It is unfortunate that Khaleda Zia, one of the two women who have dominated the political scene in Bangladesh since the early ’90s, has been jailed for five years. The timing of her conviction on the charge of corruption has attracted a lot of attention, especially because it comes some months before the country is to hold parliamentary elections. Notwithstanding the long-running feud between Khaleda and her political rival Shaikh Hasina Wajed that has been spread over a couple of decades, Bangladesh could certainly have done without the turmoil triggered by Zia’s jailing and conviction. Clashes broke out in the streets of Dhaka between her supporters and the law enforcement agencies when teargas shells were fired to disperse the crowd outside the court.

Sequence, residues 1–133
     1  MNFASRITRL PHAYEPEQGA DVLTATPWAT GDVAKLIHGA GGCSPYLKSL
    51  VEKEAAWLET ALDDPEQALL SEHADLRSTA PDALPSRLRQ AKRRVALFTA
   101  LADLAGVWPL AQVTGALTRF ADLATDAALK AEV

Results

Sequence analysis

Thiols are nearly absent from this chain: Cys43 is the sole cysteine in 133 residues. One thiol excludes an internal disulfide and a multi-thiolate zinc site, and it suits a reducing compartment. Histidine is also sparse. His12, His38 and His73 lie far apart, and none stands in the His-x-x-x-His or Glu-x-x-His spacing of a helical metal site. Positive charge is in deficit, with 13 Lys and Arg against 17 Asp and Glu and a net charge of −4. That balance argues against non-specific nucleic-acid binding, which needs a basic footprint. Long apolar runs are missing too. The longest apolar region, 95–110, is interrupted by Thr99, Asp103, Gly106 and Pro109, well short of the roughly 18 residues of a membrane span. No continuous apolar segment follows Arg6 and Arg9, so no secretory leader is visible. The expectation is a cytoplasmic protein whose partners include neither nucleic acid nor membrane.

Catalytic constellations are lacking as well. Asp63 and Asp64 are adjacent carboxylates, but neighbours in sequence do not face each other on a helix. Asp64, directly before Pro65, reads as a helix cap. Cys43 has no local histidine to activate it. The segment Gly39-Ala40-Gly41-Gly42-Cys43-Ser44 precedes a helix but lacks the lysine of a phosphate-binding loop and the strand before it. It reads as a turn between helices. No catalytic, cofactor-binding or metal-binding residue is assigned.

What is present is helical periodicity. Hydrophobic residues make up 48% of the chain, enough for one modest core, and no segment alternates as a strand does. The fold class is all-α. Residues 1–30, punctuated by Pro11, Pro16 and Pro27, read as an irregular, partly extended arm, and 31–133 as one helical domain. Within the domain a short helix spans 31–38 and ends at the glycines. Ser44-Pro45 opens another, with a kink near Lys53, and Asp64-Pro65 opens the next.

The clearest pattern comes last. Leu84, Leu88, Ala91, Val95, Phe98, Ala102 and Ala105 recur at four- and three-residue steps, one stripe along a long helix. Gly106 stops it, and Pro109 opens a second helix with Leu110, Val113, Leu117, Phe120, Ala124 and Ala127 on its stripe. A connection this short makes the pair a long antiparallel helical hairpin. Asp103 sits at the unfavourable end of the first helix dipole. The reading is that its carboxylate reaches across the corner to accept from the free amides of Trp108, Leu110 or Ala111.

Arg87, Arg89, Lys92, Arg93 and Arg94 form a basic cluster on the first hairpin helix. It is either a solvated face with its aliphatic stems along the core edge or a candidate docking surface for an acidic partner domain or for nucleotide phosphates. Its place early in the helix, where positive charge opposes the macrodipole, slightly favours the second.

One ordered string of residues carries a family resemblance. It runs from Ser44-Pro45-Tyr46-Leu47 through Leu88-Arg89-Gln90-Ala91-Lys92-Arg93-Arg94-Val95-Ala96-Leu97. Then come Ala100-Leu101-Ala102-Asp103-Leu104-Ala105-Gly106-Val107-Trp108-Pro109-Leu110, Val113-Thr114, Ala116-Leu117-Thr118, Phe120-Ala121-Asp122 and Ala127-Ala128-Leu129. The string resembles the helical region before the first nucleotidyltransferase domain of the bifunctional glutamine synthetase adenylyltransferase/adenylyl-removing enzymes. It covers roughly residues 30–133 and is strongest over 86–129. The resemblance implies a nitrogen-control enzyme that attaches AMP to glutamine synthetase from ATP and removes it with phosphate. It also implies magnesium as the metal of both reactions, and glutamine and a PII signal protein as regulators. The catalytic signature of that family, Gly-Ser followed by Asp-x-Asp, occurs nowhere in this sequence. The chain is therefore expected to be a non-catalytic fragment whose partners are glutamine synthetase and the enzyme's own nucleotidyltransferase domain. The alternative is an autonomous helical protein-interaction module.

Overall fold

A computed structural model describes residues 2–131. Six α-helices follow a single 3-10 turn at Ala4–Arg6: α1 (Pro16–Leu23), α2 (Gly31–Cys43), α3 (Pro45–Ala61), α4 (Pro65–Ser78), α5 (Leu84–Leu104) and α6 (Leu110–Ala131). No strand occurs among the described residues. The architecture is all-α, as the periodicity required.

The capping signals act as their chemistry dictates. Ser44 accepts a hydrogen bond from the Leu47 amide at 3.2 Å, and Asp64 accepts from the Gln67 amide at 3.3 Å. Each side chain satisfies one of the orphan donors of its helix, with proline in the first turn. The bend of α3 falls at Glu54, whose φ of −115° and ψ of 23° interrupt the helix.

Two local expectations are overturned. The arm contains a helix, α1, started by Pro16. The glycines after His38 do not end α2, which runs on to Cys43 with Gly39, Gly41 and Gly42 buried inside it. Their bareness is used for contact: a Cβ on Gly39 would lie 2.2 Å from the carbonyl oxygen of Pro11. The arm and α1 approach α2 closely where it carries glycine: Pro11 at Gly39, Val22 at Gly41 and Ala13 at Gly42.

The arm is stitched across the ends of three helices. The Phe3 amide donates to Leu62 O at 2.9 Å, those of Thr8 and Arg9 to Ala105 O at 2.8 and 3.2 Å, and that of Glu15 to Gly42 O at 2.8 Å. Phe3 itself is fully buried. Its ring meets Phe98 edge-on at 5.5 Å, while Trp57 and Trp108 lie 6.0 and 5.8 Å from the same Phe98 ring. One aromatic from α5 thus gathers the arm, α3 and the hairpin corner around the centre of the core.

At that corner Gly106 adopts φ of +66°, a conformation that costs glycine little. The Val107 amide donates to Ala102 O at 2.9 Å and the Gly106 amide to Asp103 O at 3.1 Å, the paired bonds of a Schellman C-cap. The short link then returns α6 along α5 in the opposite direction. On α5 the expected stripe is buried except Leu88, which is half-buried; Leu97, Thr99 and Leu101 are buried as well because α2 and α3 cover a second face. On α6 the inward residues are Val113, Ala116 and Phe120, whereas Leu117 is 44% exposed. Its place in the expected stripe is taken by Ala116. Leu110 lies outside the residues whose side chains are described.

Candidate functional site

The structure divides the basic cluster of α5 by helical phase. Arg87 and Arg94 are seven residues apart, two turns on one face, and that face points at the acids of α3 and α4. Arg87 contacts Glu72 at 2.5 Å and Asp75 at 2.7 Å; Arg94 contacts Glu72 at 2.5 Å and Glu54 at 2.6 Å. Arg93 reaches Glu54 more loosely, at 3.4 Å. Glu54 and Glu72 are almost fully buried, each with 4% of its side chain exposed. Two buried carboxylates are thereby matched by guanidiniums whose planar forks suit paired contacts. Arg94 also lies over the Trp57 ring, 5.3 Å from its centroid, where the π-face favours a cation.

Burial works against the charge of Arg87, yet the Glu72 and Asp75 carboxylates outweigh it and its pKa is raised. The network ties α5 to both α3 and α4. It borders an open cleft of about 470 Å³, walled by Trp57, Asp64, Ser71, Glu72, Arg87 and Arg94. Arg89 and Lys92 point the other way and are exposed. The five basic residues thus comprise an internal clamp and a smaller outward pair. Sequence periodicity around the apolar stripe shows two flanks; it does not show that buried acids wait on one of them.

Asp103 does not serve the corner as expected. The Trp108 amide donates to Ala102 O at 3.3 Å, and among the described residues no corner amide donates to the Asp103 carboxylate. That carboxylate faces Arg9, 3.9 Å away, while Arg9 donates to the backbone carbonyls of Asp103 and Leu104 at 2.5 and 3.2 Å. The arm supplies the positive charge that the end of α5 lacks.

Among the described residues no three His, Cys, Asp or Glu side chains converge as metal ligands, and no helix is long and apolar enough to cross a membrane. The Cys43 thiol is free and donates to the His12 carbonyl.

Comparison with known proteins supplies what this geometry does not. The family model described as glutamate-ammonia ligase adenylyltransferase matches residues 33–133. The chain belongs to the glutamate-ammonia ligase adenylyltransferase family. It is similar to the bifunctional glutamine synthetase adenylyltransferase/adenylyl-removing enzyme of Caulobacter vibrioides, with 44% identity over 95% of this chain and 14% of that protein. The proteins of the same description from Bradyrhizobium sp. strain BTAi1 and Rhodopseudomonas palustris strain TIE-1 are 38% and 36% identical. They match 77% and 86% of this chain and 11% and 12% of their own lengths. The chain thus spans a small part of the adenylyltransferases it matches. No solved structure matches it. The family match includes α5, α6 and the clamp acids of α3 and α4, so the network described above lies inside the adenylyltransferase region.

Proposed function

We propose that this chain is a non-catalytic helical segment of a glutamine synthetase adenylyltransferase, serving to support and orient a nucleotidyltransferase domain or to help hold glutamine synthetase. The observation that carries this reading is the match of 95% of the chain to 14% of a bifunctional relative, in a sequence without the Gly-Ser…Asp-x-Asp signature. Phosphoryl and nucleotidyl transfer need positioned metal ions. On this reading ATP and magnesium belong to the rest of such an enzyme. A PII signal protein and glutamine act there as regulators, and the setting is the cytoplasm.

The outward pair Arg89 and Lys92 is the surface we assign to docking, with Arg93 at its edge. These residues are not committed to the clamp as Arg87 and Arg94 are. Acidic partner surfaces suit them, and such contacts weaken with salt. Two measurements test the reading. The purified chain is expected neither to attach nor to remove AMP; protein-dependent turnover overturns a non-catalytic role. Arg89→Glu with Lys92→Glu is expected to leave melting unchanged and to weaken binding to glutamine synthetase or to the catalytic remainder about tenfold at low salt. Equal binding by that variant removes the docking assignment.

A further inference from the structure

To be fair to the Hasina-led administration, the case against Khaleda has been swirling around for nearly a decade. The former prime minister was implicated along with her son and four others in the graft case for siphoning foreign donations to the tune of a quarter of a million dollars from an orphanage trust. At the moment it probably suits Khaleda Zia to paint her trial and subsequent sentencing and conviction as political victimisation. Such theatrics can boost the electoral chances of her party — the Bangladesh Nationalist Party. She will not however be able to reap any personal benefits. It is looking increasingly likely that Khaleda Zia will be barred from the upcomimg election — though she is pleading for bail and will probably appeal the court verdict against her.
By government accounts at least it appears that Khaleda Zia got off lightly. The judges hearing the case made a pointed reference to her age and her stature while announcing the verdict. Dhaka needs to safely navigate its way out of the crisis, defuse the unrest and conduct polls as soon as it can.
Published in The Express Tribune, February 9th, 2018.